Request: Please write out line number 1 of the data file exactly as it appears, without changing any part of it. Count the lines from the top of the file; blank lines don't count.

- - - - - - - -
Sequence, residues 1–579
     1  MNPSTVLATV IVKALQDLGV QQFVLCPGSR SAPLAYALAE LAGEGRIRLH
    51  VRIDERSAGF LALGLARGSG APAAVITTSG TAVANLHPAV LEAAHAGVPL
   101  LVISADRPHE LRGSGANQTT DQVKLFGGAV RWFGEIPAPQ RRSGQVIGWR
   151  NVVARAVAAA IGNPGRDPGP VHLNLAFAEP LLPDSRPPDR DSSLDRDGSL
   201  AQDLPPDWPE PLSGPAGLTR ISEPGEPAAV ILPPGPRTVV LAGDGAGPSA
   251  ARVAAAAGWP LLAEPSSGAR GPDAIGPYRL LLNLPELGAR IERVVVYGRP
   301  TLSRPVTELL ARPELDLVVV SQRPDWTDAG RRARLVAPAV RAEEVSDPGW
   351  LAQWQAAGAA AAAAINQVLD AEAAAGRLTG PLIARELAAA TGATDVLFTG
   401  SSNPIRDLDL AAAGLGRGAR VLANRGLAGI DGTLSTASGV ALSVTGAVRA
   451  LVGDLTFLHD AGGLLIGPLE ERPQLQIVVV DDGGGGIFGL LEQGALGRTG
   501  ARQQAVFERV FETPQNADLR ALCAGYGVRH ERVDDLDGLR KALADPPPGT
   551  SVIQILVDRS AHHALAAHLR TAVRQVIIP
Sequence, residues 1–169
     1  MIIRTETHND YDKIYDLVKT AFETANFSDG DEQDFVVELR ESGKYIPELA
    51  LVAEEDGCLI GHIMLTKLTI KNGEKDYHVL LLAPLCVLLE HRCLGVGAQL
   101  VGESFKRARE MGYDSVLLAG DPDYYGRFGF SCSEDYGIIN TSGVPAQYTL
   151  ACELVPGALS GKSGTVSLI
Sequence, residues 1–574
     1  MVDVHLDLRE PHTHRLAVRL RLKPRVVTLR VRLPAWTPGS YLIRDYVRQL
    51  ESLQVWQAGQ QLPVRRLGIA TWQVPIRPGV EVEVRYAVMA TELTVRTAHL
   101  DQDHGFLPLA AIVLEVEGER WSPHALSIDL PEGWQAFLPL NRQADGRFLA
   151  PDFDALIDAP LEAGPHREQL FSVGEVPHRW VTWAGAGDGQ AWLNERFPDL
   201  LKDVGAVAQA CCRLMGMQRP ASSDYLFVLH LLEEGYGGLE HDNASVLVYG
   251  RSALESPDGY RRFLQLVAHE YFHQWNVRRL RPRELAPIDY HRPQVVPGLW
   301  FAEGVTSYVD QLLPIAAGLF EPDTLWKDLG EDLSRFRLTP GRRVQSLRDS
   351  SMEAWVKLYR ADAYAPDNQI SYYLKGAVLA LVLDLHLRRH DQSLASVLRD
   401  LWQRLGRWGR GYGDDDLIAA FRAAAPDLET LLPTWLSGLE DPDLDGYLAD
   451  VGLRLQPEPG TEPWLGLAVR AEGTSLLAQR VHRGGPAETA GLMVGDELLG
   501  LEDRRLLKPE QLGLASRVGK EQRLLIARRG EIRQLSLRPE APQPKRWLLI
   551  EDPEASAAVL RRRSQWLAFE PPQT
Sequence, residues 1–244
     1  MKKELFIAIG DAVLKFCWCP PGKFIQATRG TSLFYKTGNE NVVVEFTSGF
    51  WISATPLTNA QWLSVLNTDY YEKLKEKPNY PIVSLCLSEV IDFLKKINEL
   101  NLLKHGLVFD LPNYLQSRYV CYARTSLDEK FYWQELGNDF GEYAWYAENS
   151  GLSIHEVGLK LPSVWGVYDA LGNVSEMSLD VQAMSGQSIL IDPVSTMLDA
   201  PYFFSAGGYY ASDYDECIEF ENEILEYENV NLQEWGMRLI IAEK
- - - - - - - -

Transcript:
Sequence, residues 1–579